If you are an habitual speeder, however, you’d be advised to rethink that habit next time you travel through Williamsburg on County Road 31. Apparently, according to OPP Constable Lalonde ( the Standard-Freeholder, Nov. 11, 2011) Williamsburg has one of the highest rates of speeding in SD&G. A recent traffic survey indicates that the “prevailing speed through Williamsburg is between 60-70 kph even though the (clearly posted) maximum speed is 50 kph.” 

This is dangerous and reckless driving in the heart of a small town and it has to stop.

That is the view of the County Roads Department, the OPP, the Township of South Dundas and a number of community members. It is also the view of the council for the United Counties of SD&G.       

The council has decided to establish its first Community Safety Zone on County Road 31. Under the Highway Traffic Act, this designation allows the OPP to double the fines for anyone, day or night, 365 days a year, who speeds through the community of Williamsburg.  It means that going 20 kph over the speed limit will result in a fine, not of $95, as it currently is, but rather of $180. The higher your speed, the more the fine doubles.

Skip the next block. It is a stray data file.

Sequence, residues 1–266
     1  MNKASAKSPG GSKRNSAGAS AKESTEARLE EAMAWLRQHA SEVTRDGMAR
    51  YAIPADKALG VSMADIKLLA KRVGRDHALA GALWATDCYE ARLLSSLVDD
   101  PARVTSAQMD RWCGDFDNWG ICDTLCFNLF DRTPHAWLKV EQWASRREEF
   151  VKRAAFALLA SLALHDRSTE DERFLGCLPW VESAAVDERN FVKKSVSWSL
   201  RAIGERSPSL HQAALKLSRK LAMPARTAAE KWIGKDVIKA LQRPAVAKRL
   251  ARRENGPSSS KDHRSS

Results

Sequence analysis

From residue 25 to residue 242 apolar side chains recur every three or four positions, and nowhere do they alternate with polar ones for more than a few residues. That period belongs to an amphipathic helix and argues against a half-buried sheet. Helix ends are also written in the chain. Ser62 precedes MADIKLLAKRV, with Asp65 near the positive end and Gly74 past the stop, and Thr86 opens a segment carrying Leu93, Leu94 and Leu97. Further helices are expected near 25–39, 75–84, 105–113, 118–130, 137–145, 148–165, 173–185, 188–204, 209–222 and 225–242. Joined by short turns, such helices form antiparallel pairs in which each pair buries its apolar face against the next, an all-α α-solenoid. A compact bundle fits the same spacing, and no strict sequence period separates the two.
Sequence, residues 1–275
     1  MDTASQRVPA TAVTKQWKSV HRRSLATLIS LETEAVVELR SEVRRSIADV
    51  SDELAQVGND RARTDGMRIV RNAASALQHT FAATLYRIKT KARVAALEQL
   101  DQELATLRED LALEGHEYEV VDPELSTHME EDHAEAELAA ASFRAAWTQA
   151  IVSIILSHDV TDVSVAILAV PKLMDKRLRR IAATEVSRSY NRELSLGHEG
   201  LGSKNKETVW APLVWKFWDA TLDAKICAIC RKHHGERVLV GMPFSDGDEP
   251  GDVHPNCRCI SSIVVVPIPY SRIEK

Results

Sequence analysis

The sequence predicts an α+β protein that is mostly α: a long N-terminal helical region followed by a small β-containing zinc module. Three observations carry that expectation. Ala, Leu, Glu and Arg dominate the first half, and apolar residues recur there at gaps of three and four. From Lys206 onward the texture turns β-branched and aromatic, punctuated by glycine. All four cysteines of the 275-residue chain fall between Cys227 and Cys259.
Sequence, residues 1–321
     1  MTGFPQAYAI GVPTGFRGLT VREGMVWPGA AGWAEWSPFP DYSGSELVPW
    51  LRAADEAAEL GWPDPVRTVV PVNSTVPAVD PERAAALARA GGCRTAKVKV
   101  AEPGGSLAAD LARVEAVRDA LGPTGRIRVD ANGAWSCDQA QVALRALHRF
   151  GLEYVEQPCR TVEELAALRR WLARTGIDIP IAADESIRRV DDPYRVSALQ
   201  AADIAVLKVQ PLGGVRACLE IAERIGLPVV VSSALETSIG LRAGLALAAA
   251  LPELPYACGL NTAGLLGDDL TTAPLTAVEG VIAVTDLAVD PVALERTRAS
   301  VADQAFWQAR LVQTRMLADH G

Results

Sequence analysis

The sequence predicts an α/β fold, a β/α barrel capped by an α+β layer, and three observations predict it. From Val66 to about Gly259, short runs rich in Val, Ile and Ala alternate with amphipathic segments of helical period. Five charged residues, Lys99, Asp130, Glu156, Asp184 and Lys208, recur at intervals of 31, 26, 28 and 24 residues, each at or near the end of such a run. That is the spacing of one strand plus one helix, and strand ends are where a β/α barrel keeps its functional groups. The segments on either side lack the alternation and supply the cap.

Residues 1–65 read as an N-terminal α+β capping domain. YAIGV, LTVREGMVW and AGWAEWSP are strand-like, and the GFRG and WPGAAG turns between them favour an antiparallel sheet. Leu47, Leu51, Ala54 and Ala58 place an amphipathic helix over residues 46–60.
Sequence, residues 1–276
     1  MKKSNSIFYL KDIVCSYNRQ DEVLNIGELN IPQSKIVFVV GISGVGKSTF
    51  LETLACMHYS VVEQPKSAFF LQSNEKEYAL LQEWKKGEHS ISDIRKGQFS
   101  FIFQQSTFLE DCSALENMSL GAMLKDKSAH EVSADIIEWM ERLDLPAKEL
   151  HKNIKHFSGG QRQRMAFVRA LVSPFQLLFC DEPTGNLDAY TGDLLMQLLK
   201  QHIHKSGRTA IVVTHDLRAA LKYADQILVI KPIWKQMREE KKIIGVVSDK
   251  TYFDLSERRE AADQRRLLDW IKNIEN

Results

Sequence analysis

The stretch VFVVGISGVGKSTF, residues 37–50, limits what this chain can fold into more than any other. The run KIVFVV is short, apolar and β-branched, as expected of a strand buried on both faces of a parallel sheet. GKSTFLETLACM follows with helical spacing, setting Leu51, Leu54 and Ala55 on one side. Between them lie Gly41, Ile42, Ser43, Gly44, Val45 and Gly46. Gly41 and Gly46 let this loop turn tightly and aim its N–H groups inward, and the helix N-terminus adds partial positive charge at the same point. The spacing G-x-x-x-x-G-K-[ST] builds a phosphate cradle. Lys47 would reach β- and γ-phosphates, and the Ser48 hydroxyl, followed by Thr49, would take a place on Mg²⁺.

The Safety Zone designation comes into effect the moment new signs indicating the change are put in place; within three weeks according to the council press release. 

The highway is very close to homes in Williamsburg; there are hard to see intersections cutting across the road (despite flashing lights); pedestrians are difficult to spot at all times.

So slow down. Speeding in Williamsburg won’t be cheap.

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No Picture
Sports

Junior B Lions fall short in must-win weekend

November 23, 2011 Editor

The Morrisburg Junior B Lions got off to a bad start in their weekend St. Lawrence Division action Friday night against the CharLan Rebels, and then, just barely managed to cross the finish line ahead of the Akwesasne Wolves on Sunday.